Attorneys for Toufic Jisser, who is seeking to close the park and sell the El Camino Real property that his family purchased in 1996, submitted the amended plan five minutes prior to the end of a three-day hearing to determine the compensation terms offered to residents.
Residents, experts and neighborhood supporters had argued for three days before Administrative Judge Craig Labadie that the sums proposed in a Relocation Impact Report were grossly inadequate.
What, if any, impact the 11th-hour changes to the report would have on Labadie's decision is unclear. Melissa Morris, senior attorney for the Law Foundation of Silicon Valley, representing the residents, told Labadie Monday that the report should be rejected outright.
"It's impossible to respond to these amendments now, but we will respond in writing," she said Wednesday after the Jissers' attorney, Margaret Nanda, announced the amended plan.
In February, the city finally deemed complete the fifth iteration of a Relocation Impact Report submitted by the Jissers. They offered to buy residents' mobile homes for their appraised values and pay for the "startup costs" of relocating, which includes first- and last-month's rent, a security deposit and 12 months of rent subsidies that reflect the difference between the rent at Buena Vista and the rent at the new locations.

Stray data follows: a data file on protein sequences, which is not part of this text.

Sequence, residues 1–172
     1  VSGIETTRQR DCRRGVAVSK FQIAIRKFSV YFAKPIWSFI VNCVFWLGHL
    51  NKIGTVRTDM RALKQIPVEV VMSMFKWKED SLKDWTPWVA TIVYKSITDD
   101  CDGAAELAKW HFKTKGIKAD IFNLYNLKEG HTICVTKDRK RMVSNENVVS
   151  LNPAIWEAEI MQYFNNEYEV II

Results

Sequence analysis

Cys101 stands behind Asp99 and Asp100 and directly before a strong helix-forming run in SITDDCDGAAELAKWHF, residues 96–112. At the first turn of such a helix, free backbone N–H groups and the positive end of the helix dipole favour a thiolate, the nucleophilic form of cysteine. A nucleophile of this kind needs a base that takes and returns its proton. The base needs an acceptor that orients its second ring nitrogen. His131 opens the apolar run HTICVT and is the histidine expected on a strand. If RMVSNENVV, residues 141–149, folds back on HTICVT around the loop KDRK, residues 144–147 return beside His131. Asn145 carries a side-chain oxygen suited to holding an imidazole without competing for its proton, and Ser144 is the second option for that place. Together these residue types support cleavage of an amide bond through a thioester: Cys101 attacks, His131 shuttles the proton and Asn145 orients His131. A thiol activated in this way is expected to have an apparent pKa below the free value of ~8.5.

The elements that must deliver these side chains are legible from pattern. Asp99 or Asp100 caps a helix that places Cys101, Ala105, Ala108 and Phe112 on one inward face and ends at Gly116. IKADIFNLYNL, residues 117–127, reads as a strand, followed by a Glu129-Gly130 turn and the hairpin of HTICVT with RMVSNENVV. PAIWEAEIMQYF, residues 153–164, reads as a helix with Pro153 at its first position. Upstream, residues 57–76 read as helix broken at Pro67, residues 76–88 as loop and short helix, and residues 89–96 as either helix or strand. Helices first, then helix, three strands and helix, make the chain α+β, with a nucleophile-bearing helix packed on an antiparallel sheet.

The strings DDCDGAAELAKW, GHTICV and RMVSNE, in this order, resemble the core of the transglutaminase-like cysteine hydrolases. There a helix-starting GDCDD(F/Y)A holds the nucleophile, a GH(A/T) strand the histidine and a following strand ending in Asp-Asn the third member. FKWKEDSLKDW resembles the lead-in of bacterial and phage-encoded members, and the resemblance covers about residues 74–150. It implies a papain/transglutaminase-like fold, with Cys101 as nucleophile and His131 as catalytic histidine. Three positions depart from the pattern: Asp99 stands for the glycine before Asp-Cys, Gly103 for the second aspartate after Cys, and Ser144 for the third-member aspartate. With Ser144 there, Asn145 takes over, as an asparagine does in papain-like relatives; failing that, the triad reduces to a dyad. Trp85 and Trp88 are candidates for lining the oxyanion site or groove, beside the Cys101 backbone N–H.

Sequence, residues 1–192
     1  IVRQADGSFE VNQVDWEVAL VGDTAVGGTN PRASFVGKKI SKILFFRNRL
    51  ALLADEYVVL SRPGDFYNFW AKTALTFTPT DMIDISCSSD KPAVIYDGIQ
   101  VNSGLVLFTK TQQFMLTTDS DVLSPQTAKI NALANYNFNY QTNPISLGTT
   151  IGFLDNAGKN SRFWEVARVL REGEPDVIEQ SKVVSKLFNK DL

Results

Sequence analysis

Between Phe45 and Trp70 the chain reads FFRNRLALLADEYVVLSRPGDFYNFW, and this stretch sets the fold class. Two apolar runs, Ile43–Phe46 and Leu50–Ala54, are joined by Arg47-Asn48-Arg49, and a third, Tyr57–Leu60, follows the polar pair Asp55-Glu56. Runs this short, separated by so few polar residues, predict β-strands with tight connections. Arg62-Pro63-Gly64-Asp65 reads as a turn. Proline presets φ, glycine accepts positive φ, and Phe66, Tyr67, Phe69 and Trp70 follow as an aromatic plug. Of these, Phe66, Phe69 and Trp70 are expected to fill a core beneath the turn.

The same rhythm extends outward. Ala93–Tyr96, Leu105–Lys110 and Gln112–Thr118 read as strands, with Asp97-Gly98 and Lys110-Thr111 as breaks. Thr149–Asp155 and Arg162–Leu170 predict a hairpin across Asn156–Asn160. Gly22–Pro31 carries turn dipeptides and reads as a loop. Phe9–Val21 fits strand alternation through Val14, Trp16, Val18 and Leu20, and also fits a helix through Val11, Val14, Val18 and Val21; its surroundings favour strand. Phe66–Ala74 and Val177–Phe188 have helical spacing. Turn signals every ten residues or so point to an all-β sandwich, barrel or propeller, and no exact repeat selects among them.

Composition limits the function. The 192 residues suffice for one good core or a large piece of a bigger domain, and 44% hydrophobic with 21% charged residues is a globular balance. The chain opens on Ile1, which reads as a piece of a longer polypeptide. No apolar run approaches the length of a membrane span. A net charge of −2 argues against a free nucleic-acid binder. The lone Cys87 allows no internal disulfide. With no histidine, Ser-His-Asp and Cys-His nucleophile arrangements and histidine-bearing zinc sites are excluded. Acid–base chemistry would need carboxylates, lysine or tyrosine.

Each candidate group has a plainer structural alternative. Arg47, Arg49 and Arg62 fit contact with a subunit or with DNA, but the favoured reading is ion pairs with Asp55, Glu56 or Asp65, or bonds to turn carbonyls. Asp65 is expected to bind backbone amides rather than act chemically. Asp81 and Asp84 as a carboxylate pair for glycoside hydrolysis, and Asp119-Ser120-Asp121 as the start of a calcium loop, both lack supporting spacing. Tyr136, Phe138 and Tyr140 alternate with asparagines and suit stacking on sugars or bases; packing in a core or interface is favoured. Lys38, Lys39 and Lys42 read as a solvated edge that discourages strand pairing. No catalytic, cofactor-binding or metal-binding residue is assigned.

The level of startup costs would vary based on the kind of housing the residents move into. For those moving into one-bedroom apartments, this sum would range from $12,000 to $16,300. For those moving into three-bedroom apartments, the sum would range from $20,000 to $30,600. The Jissers were to partially subsidize rent increases, at 40 percent, at new locations for 12 months. Wednesday's amendment pledged a 100 percent subsidy.
On Monday, Nanda defended the Jissers, characterizing the family as decent property owners well within their legal right to close the park.
"The park is and always has been private property. It is the legal right of a private property owner in California and specifically a mobile-home park owner ... to close, convert or cease the operation of a mobile-home park. The park owner has the right to close the park," she said.
She pointed to the average rent of spaces at Buena Vista — $685 per month — and to the fact that the Jissers raised rents once in 2008 and again in 2010, effective Jan. 1, 2011, and have not since.
"Thus, for a period of 29 months, the park owner has not raised rents on a park-wide basis," she said. "Certain space rents have been increased when there's been a vacancy, per the terms of the rent-control ordinance. I would ask how many other rental properties, whether they be apartments in Palo Alto or other mobile-home parks, have not raised rents in 29 months."
But speaker after speaker on Tuesday and Wednesday spoke against the park closure, hammering on two main points: one, that housing costs Bay Area-wide are so high that the benefits proposed by the Jissers would not come close to compensating the residents for their losses; and two, that the plan does not provide comparable compensation, which stretches beyond financial reimbursement. If the park closes, residents said, they would have to move so far away to find affordable housing that they would lose jobs, homes, access to comparable local schools and their community.